75. Unchained melody – Righteous Brothers (1965)
The 1955 Prison film, Unchained, is almost unknown, but its theme tune was a great success for the Righteous Brothers and others (including Jimmy Young, the well-known DJ). The only song to have sold over a million copies from three separate acts – this version, Robson and Jerome (1995), and Gareth Gates (2002).
Its powerful words talk of love and separation without hope of meeting again;
Oh, my love, my darling; I’ve hungered for your touch; A long, lonely time.
Time goes by so slowly; And time can do so much; Are you still mine?
I need your love; I need your love; God speed your love to me.
I know I have said this before, but I couldn’t possibly leave this one out. (I may say it again later.)
76. Walkin’ Back to Happiness – Helen Shapiro (1961)
I could have chosen Frankie Lymon and the Teenagers or Millie as examples of very young, solo artists. She was fourteen when this was recorded.
77. We’ll Meet Again – Vera Lynn (1943)
Because: We grew up not long after the War, near enough to hear and see references to it. Vera Lynn was still a fond memory to many people. I could have picked ‘The White Cliffs of Dover.’
78. When I fall in Love – Nat King Cole (1956)
Because it’s a fantastic love song, and because I couldn’t possibly leave out Nat King Cole.
79. When I Leave the World Behind – Teresa Brewer (1957)
Because: It reminds me of my grandmother. I don’t know where it came from but she had a record of this when she lived with us. And it’s a fantastic song. Super words:
I know a millionaire; Who’s burdened down with care; A load is on his mind.
He’s thinking of the day; When he must pass away; And leave his wealth behind.
I haven’t any gold; To leave when I grow old; Somehow it passed me by.
I’m very poor, but still; I’ll leave a precious will; When I must say goodbye.
I’ll leave the sunshine to the flowers; I’ll leave the springtime to the trees;
And to the old folks I’ll leave the mem’ries; Of a baby upon their knees.
I’ll leave the nighttime to the dreamers; I’ll leave the songbirds to the blind;
I’ll leave the moon above; To those in love
When I leave the world behind; When I leave the world behind.
To be honest, the need to blog about music arises from the need to include this one. You can play it at my funeral.
80. Whiter Shade of Pale – Procul Harum (1967)
Because: It was a classic from the sixties, massively popular. One of the few records that emerged with meaningless words – but they sound poetic enough to almost mean something. Everyone had their own theories.
81. Who Would True Valour See – John Bunyan
82. Who’s Sorry Now? – Connie Francis (1958)
Because: I used to love Connie Francis, who was popular through the fifties and sixties. Representing many female singers from earlier days – Doris Day, Alma Cogan and others. Che Sera Sera was another possibility.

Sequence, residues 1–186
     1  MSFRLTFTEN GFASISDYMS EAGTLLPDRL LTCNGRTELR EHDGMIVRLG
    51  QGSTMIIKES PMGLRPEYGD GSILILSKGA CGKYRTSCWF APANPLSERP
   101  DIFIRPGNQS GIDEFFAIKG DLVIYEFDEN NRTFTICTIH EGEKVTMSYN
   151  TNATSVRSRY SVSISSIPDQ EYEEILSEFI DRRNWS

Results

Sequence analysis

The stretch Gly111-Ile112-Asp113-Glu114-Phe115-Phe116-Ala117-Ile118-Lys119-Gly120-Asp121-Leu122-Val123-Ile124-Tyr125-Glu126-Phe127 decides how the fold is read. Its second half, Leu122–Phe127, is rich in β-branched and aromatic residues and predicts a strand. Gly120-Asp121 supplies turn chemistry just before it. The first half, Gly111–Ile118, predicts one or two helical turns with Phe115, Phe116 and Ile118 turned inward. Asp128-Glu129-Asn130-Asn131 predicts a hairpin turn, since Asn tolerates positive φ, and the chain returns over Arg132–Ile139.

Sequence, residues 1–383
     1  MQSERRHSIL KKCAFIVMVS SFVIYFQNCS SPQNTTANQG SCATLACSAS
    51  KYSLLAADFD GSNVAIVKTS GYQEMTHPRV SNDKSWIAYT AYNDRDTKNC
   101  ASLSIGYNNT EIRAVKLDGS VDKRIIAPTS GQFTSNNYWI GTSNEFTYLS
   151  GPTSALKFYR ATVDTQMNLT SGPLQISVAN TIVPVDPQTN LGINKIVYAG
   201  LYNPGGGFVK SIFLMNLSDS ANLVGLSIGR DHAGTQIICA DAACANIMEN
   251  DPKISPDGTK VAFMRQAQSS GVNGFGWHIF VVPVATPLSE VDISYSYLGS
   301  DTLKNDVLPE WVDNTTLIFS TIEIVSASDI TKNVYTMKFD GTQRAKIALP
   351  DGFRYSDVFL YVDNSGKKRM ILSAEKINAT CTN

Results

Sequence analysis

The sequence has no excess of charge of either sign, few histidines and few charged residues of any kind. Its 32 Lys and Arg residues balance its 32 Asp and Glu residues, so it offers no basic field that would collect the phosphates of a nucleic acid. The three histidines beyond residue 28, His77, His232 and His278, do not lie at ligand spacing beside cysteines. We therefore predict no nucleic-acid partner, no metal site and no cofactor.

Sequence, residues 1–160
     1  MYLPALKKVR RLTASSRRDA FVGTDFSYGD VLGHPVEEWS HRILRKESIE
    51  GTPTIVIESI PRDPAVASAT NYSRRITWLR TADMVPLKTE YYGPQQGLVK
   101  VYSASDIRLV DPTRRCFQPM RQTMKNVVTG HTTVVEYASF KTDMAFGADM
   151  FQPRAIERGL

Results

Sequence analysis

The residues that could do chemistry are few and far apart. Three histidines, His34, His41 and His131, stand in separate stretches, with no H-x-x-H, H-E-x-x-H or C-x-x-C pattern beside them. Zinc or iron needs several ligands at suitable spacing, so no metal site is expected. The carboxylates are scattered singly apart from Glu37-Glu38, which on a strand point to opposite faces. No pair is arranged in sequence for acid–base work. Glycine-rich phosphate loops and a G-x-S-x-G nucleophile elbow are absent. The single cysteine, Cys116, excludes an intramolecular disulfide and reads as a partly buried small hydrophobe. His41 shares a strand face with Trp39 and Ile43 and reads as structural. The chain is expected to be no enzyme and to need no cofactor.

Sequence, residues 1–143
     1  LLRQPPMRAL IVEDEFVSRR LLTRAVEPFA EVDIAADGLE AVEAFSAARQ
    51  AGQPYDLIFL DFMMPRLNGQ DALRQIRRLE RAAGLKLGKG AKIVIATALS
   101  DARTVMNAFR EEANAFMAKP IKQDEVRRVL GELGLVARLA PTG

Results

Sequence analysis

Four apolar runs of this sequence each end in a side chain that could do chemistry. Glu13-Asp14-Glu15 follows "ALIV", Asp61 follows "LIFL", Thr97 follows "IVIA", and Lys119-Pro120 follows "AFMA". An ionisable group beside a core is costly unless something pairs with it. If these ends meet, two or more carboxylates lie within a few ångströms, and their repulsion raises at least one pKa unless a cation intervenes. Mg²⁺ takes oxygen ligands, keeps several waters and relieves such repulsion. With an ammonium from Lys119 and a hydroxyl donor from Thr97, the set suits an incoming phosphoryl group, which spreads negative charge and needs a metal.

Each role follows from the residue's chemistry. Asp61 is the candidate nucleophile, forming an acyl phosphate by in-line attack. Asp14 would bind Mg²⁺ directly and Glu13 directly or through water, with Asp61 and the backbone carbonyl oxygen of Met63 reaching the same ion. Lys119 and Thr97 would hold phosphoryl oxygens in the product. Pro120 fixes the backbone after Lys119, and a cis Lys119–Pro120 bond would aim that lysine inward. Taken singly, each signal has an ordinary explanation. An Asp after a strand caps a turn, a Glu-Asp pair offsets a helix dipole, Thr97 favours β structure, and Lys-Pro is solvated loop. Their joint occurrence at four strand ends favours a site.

83. William Tell Overture – Rossini
Because: It was the signature tune to The Lone Ranger. From 1957, televised pop music was the Six Five Special every Saturday evening at … 6:05 pm, just after the Lone Ranger.
This is a late addition. I have so many references to Two-Way Family Favourites, so I looked up its signature tune. An essential part of Sunday lunchtime on The Light Programme, later BBC Radio Two – not forgetting the Billy Cotton Band Show. (Maybe in another post …)
85. Ying Tong Song – The Goons (1956)
See:  ‘I know a Dark, Secluded Place.’
On the ‘B’ side: ‘I’m Walking Backwards to Christmas.’
86. You don’t have to Say You Love Me – Dusty Springfield (1965)
Mary Isobel Catherine Bernadette O’Brien came from a folk group who called themselves The Springfields. She went solo in the late sixties and had several hits. Famous for her long, blonde hair and make-up, featuring heavy eye-shadow.
87. You were made for Me – Freddie and the Dreamers (1963)
Because: it is typical of its era. Also representing Gerry and the Pacemakers, Billy J. Kramer and the Dakotas and others. Not quite boy bands!
88. Young Love – Tab Hunter (1957)
Because: it was one of about six that came with the record-player by brother was given. Typical very early pop, not Rock ‘n Roll. The first pop music to be heard regularly in our house.
I have to end with two, which are too late for the fifties and sixties. You will have seen already tunes that remind me of my mother, my father and my grandmother. Here is another one that reminds me of someone in my life.
89. Bright Eyes – Art Garfunkel
From the film ‘Watership Down’ in 1978. A sort of requiem.
90. Everything I do, (I do it for you) – Bryan Adams
From the film, ‘Robin Hood, Prince of Thieves’, (1991) over the closing credits.
Just Because … Because everything I do …
This blog (all three parts,) has involved a lot of work. I could have put in hundreds more. Please let me know if any of the links are wrong!
There may be more music in another post …